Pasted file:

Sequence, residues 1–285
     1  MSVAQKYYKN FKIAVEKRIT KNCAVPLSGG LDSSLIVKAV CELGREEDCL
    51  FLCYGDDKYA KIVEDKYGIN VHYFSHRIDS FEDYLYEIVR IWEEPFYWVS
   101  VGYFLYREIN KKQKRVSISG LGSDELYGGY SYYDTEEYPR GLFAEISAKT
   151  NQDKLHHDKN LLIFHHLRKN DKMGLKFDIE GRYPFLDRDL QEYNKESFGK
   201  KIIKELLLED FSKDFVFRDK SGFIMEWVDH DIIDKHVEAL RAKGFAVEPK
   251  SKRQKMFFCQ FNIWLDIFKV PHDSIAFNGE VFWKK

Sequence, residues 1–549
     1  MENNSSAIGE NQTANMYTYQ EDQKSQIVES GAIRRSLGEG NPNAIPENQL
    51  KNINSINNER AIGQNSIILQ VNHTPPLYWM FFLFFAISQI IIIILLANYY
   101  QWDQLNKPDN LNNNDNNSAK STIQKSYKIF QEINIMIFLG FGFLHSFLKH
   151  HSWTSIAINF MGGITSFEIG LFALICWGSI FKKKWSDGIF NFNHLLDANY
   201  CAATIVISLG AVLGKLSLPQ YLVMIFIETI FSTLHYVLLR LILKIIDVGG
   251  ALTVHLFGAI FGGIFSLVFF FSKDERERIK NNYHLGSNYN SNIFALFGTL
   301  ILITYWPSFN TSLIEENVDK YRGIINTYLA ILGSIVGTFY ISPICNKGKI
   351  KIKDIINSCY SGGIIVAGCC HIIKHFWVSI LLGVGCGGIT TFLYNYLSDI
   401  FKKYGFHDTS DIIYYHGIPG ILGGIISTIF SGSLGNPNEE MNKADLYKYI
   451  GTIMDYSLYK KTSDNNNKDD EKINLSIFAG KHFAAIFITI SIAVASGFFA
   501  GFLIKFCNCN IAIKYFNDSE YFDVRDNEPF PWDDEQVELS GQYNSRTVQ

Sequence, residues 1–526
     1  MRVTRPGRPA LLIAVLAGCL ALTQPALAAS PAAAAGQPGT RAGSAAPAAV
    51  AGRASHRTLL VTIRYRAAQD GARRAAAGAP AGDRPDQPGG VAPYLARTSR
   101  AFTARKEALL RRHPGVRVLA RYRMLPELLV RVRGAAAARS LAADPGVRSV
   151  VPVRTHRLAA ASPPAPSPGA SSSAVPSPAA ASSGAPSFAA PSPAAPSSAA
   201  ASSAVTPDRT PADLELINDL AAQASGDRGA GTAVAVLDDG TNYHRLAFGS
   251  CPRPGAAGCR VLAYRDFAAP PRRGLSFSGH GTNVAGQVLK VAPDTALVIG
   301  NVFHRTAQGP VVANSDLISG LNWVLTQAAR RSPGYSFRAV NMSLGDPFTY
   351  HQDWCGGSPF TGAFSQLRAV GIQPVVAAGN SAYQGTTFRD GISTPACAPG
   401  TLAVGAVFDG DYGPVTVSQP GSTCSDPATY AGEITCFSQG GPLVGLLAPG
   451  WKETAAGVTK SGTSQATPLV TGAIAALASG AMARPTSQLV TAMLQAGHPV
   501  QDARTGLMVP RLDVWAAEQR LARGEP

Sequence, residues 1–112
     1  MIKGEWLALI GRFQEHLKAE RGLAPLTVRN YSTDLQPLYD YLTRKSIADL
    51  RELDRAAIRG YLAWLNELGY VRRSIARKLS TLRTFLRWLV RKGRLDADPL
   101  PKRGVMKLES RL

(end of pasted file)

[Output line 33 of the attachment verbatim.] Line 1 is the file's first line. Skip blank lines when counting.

     1  MIKGEWLALI GRFQEHLKAE RGLAPLTVRN YSTDLQPLYD YLTRKSIADL